Rector's Ramblings June 11, 2014
In the priesthood, no two days are the same. Some days are slower, some filled with more activity; some and longer, some are shorter; some are enjoyable, some are not. And then there is the range of encounters and experiences that can be found in the same day. Today is one of those days that has been unique, and likely will never be repeated. Within the span of four hours today I found myself dressed up in my goofy eyeball hat at VBS, puppeteering the mascot ant for our theme this week, then changing into my suit and collar for a funeral for Linda Zahm, a one-time active member of our parish, then back into shorts and t-shirt and goofy hat for the close of VBS, and finally into vestments for our healing service! There was a great swing in and out of various modes of being over the course of the morning, all in a day’s ministry for a priest.
Ministry is often about flexibility, unlike my previous work with Big Brown, which was all about routines and deadlines, to the extent that every movement was studied by the industrial engineering department. There was no room for flexibility in getting packages from point A to point B; it had to be done, and done a certain way. No doubt it feels like many pastors are scatter-brained, because they are. It is hard to keep focus on one thing for very long because there is so much going on and so much that is different on a day to day basis. Projects are frequently interrupted, but as they say, ministry is all about the “interruptions”. Most of us don’t mind the interruptions; it’s what we do. I often enjoy the interruptions more than whatever else I was doing!
Most of us thrive on some sort of routine, even if it’s a bit loosey goosey. The recent transition from the school year into summer has thrown most families – kids and parents alike – for a bit of a loop as we all readjust to a new routine, or the lack thereof. We are hardwired to live according to routine, even if it is the most basic routine of waking versus sleeping. Our bodies become natural clocks when we have routines. We can sense when it’s noon, either from the position of the sun, or the rumble of our stomach, or simply a natural ability to tell how much time has elapsed since we last did something. No matter how we cut it there are rhythms in life that make it what it is, and often bring a sense of comfort and stability.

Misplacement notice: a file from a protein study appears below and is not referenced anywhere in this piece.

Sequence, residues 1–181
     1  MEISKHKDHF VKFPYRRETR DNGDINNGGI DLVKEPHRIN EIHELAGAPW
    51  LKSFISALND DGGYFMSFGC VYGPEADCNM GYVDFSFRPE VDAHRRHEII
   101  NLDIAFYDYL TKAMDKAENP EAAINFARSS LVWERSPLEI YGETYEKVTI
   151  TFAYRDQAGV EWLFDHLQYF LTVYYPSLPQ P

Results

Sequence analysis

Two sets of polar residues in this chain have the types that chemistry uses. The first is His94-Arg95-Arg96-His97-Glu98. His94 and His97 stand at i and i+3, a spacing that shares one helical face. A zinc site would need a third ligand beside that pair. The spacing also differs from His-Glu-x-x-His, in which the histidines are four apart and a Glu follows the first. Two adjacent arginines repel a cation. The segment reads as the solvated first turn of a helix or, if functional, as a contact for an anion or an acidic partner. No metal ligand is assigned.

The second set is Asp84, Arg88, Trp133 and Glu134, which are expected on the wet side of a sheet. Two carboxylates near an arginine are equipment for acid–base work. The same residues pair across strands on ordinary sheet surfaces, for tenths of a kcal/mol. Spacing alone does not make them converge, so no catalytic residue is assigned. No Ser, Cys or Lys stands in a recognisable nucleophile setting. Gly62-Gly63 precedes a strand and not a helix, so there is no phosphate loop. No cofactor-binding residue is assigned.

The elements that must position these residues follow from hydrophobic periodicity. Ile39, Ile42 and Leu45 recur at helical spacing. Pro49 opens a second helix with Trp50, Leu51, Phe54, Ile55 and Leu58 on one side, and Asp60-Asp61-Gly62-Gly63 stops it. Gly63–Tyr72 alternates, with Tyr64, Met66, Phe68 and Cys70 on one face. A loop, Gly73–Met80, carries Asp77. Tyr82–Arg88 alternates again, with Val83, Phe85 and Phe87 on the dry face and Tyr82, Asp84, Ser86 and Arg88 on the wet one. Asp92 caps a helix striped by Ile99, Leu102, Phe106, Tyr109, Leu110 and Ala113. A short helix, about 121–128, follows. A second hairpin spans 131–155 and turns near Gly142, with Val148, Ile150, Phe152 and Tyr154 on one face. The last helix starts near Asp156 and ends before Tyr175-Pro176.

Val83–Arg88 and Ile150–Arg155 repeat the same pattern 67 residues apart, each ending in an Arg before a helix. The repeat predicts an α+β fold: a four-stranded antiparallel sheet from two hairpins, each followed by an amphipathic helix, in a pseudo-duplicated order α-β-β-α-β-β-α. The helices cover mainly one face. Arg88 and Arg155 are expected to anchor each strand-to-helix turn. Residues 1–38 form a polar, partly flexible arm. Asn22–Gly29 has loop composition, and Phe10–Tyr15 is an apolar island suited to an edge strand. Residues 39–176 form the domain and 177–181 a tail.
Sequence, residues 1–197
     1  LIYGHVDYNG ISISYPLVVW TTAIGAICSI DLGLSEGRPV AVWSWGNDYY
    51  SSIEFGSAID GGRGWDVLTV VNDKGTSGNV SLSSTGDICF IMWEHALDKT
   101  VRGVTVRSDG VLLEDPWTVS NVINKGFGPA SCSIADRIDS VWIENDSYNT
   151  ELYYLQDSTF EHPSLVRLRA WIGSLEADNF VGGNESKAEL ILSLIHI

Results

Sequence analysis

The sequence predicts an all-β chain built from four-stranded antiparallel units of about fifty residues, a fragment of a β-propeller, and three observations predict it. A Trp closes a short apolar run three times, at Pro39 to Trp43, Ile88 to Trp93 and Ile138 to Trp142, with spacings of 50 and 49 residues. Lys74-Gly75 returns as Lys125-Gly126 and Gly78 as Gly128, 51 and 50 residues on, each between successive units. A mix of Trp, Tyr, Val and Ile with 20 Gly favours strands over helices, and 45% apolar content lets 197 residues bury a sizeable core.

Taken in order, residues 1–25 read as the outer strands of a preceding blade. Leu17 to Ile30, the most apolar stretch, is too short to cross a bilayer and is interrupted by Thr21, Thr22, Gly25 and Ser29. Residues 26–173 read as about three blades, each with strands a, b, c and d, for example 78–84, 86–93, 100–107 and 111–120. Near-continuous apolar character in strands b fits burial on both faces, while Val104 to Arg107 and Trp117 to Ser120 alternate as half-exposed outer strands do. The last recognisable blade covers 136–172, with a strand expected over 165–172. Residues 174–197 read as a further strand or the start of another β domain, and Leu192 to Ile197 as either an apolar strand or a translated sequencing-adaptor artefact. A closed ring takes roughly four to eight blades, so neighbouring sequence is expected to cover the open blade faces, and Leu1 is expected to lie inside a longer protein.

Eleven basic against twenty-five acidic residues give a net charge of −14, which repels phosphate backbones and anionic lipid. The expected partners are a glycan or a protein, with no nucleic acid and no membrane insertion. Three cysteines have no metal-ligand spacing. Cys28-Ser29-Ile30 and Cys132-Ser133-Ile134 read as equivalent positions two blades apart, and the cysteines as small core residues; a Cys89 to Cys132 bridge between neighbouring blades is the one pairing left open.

Some of the most unhappy people I know are rigid and lacking in joy at the same time. Some of the happiest people I know are the ones who are free from all routine, although those folks are really annoying to be around sometimes, especially when you set a time to do something together! I also know people who are the exception to those rules as well. Somewhere along the continuum between the two most of us find happiness and contentment. Some of us could stand to loosen up, and some of us could stand to buy a watch. Where do you fall on the continuum?
Life is full of interruptions; we have to wear many different hats, sometimes at the same time; when we are healthiest we are flexible and able to handle what comes our way. In these summer months, explore the interruptions and find new ways of being flexible. Be kind to yourself, and find a healthy dose of down time, particularly if you’re overly active. When it’s time to do something, you’ll know or someone will tell you. Go with it. As for me, I’m going home “early”. I know about some interruptions later in my week, so I’ll take the quiet break while I can get it.
Serene Son of God, whose will subdued the troubled waters and laid to rest the fears of men: Let thy majesty master us, thy power of calm control us; that for our fears we may have faith, and for our disquietude perfect trust in thee; who dost live and govern all things, world without end. Amen.